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Going Medieval Review – The Barebones Of A Quality Colony Simulator

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Going Medieval is Rimworld, Going Medieval is Dwarf Fortress, Going Medieval is a pretty good game. Thirty hours in and I’m surprised that a game that really has few mechanics incorporated (yet) has managed to keep my attention for all that time.

The game is bare, stripped back to the basic functionality of a colony simulator, but the same could be said of Rimworld all those years ago. What the developers have here is a base product that could go as far as Rimworld.

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There are some features that really stick out in Going Medieval. For me, one of the best things about the game’s engine is that it provides you with the capability to build, experiment, and play with multi-level designs, all rendered in 3D.

Building an underground cooling cellar for when the sun gets too hot, with a surprisingly complicated temperature system as well, to constructing some toasty upstairs bedrooms, packed out with brazier, insulated walls (clay and brick), and right above the workshop so the heat travels through the floorboards. Sounds dreamy, right?

Even the rudimentary tower defense mechanics feel good, and they’re barely implemented. You are attacked by a growing number of bandits and enemies, sometimes with a giant guy wielding a log, sometimes a team of Trebuchets that will destroy your buildings.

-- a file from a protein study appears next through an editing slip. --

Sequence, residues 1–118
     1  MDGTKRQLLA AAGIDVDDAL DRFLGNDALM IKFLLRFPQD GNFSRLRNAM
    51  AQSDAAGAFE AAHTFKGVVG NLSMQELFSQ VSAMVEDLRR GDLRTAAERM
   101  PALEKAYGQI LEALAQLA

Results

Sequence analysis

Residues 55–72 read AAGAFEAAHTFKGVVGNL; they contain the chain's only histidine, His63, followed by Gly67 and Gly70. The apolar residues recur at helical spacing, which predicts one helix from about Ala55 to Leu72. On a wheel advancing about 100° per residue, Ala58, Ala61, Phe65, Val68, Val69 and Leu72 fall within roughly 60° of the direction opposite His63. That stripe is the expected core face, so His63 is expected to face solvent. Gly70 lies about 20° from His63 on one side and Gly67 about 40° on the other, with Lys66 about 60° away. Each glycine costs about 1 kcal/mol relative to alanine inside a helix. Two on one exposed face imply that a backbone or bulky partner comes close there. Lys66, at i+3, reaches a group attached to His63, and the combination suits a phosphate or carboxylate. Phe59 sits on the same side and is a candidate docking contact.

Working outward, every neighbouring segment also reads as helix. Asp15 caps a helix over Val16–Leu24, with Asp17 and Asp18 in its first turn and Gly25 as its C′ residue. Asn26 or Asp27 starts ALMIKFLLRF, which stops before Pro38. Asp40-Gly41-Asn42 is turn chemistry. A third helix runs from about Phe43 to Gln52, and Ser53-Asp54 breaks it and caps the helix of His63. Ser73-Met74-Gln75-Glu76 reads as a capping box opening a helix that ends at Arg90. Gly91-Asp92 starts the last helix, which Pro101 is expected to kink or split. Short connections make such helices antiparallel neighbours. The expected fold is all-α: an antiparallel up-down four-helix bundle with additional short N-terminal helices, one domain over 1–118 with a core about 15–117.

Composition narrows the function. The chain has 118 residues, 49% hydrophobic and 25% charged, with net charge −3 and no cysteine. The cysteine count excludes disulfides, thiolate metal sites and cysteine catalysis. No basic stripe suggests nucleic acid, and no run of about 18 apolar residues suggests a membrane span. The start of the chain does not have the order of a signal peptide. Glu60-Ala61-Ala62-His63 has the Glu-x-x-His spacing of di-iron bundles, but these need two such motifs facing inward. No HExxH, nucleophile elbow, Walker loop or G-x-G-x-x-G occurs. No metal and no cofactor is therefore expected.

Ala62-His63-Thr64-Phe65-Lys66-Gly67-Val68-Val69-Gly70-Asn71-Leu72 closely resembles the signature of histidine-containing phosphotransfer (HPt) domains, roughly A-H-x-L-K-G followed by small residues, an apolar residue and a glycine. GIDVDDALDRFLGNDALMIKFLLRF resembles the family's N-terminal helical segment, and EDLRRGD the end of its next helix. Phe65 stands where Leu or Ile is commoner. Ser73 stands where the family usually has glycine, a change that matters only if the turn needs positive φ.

The mechanics of combat are, admittedly, a bit janky, but they almost always are in games like this. What Going Medieval does show, though, is that there is a tonne of potential to make the “building a castle and defending against waves of bad guys” a cornerstone of the gameplay, rather than just an afterthought.

There is also a compelling sense of progression in the game. Without really thinking about it, one hour through my first playthrough I took a moment to look at my new settlement, and thought, hang on a second…that looks like something you might see on the history channel right from Medieval England.

The game has you constructing Medieval English fortified homesteads for no other reason than that’s how the game wants you to do it. It doesn’t push you to do it. Doesn’t hold your hand. The mechanics are just shaped around that being the best way to build. Pretty cool, really.

Despite its charm and compelling gameplay, Going Medieval has a long way to go, but looking at its initial success and (sort of) detailed road map, we could be seeing more updates sooner rather than later.

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The game still needs a bit more umph in certain areas: the combat is a bit lackluster, sometimes incredibly difficult, sometimes incredibly easy; there needs to be more in the way of decoration and design; and there are some core gameplay mechanics missing that should find their way into the game at some point, like animal herding, trading, and whatever else.

Overall, Going Medieval is going cheap on Epic right now, and is a very reasonable price on Steam. If you’re a fan of the colony simulation genre, this game could be one to bet your 20 dollars on.



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